Let P(n) be 1/2 * 3/4 ... (2n-1)/2n < 1/sqrt(3n) (note that parentheses around 2n-1 are mandatory). You verified that P(1) is true. The induction step consists of proving that P(k) implies P(k + 1) for all k >= 1. Strictly speaking, this is a true statement just because the conclusion P(k + 1) is true. After all, the overall problem is to prove P(n) for all n. What fails is a particular, most natural way of proving the step. Indeed, the natural way is to say

\(\displaystyle \frac{1}{2} \cdot \frac{3}{4} \cdot \dots\cdot\frac{2n-1}{2n}\cdot \frac{2n+1}{2n+2} < \frac{1}{\sqrt{3n}}\cdot \frac{2n+1}{2n+2}\)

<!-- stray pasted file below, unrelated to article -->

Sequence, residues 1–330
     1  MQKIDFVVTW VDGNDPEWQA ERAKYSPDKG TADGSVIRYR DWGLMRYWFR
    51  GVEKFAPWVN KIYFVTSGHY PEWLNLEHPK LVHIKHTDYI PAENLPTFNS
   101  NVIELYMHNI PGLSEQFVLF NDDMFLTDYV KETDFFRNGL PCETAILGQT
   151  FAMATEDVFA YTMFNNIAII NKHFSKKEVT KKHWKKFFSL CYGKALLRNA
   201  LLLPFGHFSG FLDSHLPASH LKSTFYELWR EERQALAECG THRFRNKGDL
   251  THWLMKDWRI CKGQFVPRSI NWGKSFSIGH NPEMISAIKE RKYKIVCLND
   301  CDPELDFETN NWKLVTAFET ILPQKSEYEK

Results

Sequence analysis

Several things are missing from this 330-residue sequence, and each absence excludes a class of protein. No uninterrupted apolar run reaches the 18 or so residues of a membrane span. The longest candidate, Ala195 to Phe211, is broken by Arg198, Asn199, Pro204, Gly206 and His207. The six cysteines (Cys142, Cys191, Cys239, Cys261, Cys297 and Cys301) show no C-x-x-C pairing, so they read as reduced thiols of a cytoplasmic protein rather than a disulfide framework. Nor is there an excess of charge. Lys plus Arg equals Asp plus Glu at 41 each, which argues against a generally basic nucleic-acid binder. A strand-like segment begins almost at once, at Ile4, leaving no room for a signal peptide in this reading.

by the induction hypothesis and then to try proving that the right-hand side is < \(\displaystyle \frac{1}{\sqrt{3(n+1)}}\). However,

\(\displaystyle \frac{1}{\sqrt{3n}}\cdot\frac{2n+1}{2n+2} < \frac{1}{\sqrt{3(n+1)}}\)

has no solutions.

When we strengthen the induction hypothesis, the method above works. Note that the new strict inequality fails for n = 1, so you should either prove a non-strict inequality

\(\displaystyle \frac{1}{2}\cdot\frac{3}{4}\cdot\dots\cdot\frac{2n-1}{2n}\le\frac{1}{\sqrt{3n+1}}\)

for all positive integers n and then say that \(\displaystyle \frac{1}{\sqrt{3n+1}}<\frac{1}{\sqrt{3n}}\), or consider n = 2 in the base step.